IIROC (Investment Industry Regulatory Organization of Canada) has issued for comment its long-awaited guidance to underwriters carrying out due diligence in connection with public offerings of securities. This initiative was one of several items recommended by the Ontario Securities Commission as an area for further work following its emerging markets issuer review, although IIROC’s proposed guidance is not limited to emerging markets issuers and would apply to an investment dealer’s involvement in a public offering of securities by any issuer. The proposal reflects the views of IIROC staff following extensive industry consultation and a review of benchmarking of regulatory requirements and guidance from international jurisdictions.
We believe the guidance is a helpful reference that describes common practices and suggestions with respect to underwriting due diligence without being overly prescriptive. IIROC’s guidance is generally consistent with market practice, although dealers will need to consider whether to update existing policies and procedures in order to capture some of the specific concepts contained in the guidance.
In this Update, we highlight some key aspects of IIROC’s proposal.
Expect that due diligence policies and procedures and records may be reviewed by IIROC during compliance examinations.
IIROC has indicated its intention to review samples of underwriting due diligence as part of its compliance examinations of member firms. In particular, IIROC will focus on the adequacy of due diligence policies and procedures and whether the processes referred to in those documents have been followed in sampled files. This is not a new initiative on the part of IIROC, but suggests that underwriting due diligence will become more of a focus for IIROC in the future. Dealers will need to be prepared with up-to-date policies and procedures and proper records of due diligence for public offerings, whether they are acting in a lead underwriter or co-manager role.
Consider whether to update existing policies and procedures relating to due diligence and the underwriting process.
IIROC’s guidance refers to nine key principles, seven of which are specific matters that investment dealers should consider in developing policies and procedures for underwriting due diligence. Many of these areas, such as due diligence Q&A sessions, the distinction between business and legal due diligence and when a dealer may rely on expert opinions, will be familiar to anyone with experience in the public offering process. However, firms will need to consider whether to update existing policies and procedures in order to capture some of the specific concepts contained in the guidance. For instance, IIROC’s guidance recommends that due diligence policies and procedures reflect that “reasonable” due diligence involves a contextual determination for each underwriting, and that effective due diligence should go beyond prescriptive checklists alone. We presume IIROC’s intention here is to emphasize the fact that due diligence is not intended to be a superficial matter of “checking the box.” Dealers will need to consider whether their written policies and procedures should more closely reflect IIROC’s guidance even if dealers currently follow the principles recommended by IIROC as a matter of practice.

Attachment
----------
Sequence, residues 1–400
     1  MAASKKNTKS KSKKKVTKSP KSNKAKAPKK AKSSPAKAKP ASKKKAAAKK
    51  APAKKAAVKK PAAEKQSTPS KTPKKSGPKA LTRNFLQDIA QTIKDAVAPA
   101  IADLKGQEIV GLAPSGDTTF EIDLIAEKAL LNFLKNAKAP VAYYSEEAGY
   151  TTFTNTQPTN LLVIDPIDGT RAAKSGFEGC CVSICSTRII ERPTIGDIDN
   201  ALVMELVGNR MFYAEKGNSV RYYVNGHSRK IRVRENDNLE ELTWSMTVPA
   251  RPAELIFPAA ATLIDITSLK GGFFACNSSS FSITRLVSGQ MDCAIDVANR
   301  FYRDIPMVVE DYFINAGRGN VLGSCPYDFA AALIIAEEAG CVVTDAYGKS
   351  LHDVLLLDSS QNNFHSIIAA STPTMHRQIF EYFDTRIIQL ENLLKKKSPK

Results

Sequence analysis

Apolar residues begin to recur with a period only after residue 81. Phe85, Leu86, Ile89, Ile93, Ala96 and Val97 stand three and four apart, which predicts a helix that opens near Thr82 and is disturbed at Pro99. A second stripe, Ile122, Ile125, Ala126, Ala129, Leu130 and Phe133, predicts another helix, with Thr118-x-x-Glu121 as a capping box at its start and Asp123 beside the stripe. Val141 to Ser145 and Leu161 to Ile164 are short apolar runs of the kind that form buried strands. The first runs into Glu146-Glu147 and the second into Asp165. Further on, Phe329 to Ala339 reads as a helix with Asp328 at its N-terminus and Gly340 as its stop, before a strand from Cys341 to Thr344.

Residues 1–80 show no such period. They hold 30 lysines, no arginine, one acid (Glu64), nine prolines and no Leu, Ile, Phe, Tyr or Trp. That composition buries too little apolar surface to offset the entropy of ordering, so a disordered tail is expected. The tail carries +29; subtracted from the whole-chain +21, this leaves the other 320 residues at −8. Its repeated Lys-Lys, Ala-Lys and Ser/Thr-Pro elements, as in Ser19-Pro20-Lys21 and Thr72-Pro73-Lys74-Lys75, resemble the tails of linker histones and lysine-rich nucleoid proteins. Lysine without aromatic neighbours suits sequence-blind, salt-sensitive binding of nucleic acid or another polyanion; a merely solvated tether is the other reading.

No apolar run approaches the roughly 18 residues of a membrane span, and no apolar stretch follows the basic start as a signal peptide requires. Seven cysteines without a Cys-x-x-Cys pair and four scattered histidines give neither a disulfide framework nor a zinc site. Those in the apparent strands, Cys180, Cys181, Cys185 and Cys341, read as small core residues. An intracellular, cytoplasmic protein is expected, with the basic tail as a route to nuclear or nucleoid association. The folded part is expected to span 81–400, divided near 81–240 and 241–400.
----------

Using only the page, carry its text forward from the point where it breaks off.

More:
Dealers will need a due diligence plan that reflects the context of the offering and the level of due diligence that will be reasonable in the circumstances.
IIROC’s guidance refers to dealers having a “due diligence plan” for an offering that would generally include a list and description of matters to be investigated. The concept of a due diligence plan appears to be more extensive than the typical due diligence request list prepared by underwriters or their counsel for an offering of securities, and also appears to be different from the due diligence reports or memos sometimes prepared by underwriters’ counsel. We expect that existing due diligence request lists for an offering will need to be retooled and expanded upon in order to serve as due diligence plans as contemplated in the guidance, although it would be helpful for IIROC to clarify what its expectations are in this area and perhaps provide samples of due diligence plans for different types of offerings. The idea of a due diligence plan is not new, but IIROC’s guidance may change practice in terms of the way a due diligence plan is formally documented since IIROC is suggesting that a due diligence plan should clearly delineate the roles of the underwriters and their counsel. Specifically, a due diligence plan should distinguish between the matters that will be addressed in business due diligence (to be conducted by the underwriters) and the matters that will be addressed in legal due diligence (to be conducted by underwriters’ counsel). This could result in a new practice of having underwriters’ counsel prepare a due diligence plan that covers both business and legal due diligence. As is the case with due diligence reports today, we expect there to be different approaches to preparing and keeping records of a due diligence plan.
IIROC’s guidance reiterates the fact that syndicate members should satisfy themselves that the lead underwriter performed adequate due diligence on an offering.